Dr. de Lemos: It was fascinating because the Universal Definition that introduced type-two MI into the classification scheme is only a decade old. It's remarkable how little we know about the problem, and how much we struggle in clinical practice. We thought this paper was one of the first and most comprehensive evaluations to put some construct around the problem. As you pointed out, Carolyn, it is a messy diagnosis. Even when you do it in an organized, researched fashion this reflects what we all deal with in clinical practice where it's not so easy to define myocardial infarction even when given the criteria of the Universal Definition. The challenge really is that only a minority of the troponin elevations that are the classic type-one MIs that we know what to do with. The rest of them are either these troponin elevations NOS, type-two MI, or something on a continuum on this spectrum that's really hard to differentiate.

This paper's important because it really highlights that these non-type-one MIs whatever they are, are common and associated with really high risk, and it's sort of a call to arm that we better start to understand and sub-classify these if we're going to be able to reduce risk in this very high risk population. That's really why we were so interested in the paper, and why we worked so closely with Jim and his team to address some of the issues that you just raised.

Dr. Lam: I completely agree, in fact it's beginning to remind me of the world of HFpEF when we first started realizing that people with heart failure, even though ejection fraction's normal are definitely not doing well. James Januzzi, if you don't mind, what do you think are the implications for treatment, what are the things that you think need to be examined going forward?

Dr. Januzzi: Carolyn I laughed when you mentioned HFpEF because at one of the recent Universal Definition of MI Task Force meetings, I actually said that type-two MI is the HFpEF of the myocardial infarction world. To answer your question, I have approached this question very much the way we do in the heart failure space relative to heart failure with preserved EF. In order to develop a strategy for treatment for type-two MI, we need considerable advances still in our understanding of just what exactly is a type-two MI, what types of patients have type-two MI, and on an individual level, the treatment strategies may follow.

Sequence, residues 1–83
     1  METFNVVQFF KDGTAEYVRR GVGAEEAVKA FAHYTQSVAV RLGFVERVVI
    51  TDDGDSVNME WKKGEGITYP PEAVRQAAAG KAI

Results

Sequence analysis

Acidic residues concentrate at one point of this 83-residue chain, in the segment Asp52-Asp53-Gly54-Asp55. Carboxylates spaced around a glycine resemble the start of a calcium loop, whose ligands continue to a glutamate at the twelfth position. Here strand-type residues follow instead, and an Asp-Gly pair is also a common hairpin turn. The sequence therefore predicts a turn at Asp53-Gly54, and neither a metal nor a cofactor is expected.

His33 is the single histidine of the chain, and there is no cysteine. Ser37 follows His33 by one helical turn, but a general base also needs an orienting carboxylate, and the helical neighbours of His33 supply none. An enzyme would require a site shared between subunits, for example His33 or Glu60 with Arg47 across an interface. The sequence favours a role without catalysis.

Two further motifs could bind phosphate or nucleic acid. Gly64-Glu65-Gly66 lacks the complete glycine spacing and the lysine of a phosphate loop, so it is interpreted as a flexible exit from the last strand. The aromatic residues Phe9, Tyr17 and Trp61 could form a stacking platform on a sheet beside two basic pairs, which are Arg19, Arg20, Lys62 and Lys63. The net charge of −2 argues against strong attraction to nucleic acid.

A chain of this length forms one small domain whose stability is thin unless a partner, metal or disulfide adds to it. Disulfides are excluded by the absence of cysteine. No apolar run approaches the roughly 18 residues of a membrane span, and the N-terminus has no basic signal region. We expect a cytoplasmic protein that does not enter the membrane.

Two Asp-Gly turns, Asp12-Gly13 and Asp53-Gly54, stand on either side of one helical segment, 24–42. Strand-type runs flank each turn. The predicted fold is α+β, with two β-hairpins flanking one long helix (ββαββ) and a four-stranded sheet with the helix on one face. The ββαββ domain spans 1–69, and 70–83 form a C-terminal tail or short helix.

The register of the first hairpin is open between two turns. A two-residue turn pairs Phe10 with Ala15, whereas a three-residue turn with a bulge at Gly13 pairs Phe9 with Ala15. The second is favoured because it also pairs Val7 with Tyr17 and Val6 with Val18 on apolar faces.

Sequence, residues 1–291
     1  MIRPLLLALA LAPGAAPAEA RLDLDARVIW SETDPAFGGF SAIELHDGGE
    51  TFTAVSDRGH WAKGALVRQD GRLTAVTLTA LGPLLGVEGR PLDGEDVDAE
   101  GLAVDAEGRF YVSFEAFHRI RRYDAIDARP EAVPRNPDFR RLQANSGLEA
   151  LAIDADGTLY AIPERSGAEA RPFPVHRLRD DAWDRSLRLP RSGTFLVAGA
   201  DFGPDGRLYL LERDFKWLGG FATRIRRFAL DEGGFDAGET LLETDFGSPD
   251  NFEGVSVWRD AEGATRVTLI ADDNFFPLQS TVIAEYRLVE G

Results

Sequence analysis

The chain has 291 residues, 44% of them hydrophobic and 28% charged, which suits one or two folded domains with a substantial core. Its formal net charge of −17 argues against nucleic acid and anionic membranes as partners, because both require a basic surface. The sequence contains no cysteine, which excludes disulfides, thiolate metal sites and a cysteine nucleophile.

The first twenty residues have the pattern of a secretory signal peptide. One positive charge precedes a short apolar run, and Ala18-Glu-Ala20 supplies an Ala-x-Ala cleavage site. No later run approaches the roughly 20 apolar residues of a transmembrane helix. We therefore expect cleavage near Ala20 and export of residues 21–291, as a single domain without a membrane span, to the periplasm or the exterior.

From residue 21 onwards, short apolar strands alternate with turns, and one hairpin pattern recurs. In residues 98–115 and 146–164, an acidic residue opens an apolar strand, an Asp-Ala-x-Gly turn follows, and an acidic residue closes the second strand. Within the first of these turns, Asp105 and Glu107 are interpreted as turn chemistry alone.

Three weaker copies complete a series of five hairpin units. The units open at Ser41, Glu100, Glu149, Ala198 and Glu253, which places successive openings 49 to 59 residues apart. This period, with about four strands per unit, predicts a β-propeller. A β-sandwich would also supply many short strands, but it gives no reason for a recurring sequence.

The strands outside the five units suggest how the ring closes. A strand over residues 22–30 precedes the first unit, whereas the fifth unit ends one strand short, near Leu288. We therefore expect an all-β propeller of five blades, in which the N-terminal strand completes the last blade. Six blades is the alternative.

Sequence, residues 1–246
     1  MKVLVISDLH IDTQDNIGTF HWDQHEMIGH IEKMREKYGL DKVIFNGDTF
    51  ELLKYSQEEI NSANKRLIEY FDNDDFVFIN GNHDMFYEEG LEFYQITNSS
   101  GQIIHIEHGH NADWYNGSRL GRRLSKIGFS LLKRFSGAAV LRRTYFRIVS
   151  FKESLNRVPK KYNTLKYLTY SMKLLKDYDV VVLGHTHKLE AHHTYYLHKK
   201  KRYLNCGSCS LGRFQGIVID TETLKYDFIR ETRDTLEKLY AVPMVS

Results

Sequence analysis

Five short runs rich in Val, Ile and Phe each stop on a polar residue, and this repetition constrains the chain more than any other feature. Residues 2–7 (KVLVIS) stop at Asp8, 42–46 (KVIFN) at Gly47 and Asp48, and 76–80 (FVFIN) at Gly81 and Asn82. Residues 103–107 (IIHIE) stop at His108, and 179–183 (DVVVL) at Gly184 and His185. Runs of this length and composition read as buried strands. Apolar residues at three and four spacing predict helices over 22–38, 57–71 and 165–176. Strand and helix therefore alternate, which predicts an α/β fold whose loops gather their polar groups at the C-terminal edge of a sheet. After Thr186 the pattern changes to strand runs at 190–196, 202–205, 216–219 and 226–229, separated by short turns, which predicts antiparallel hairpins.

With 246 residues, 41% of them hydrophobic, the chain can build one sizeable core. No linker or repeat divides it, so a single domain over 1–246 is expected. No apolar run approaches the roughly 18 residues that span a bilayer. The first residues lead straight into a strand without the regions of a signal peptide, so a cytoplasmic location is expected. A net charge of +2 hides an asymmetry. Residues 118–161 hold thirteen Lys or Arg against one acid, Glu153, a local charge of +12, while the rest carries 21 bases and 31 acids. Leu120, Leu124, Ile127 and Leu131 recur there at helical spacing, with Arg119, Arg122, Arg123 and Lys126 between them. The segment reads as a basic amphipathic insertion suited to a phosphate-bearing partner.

The problem here is if you look just at all comers who suffered a type-two MI in our study, the majority were actually taking statins, they were taking aspirin, they were more likely to be taking beta-blockers. So the patients themselves were actually on the very treatments that we might think about prescribing in those folks that have a type -wo MI, and yet they still suffered the MI, and they had worse outcomes. One might think about coronary disease and revascularization, and indeed one of the nice things about our study is we enrolled patients at the time of coronary angiography, and then followed them subsequently, so we actually had detailed coronary angiograms on every one. Those suffering an incident type-two MI certainly had more coronary disease, so one might argue revascularization might either be protective if done prior to the onset of type-two MI, or at the time of type-two MI a revascularization-driven strategy might be a logical approach.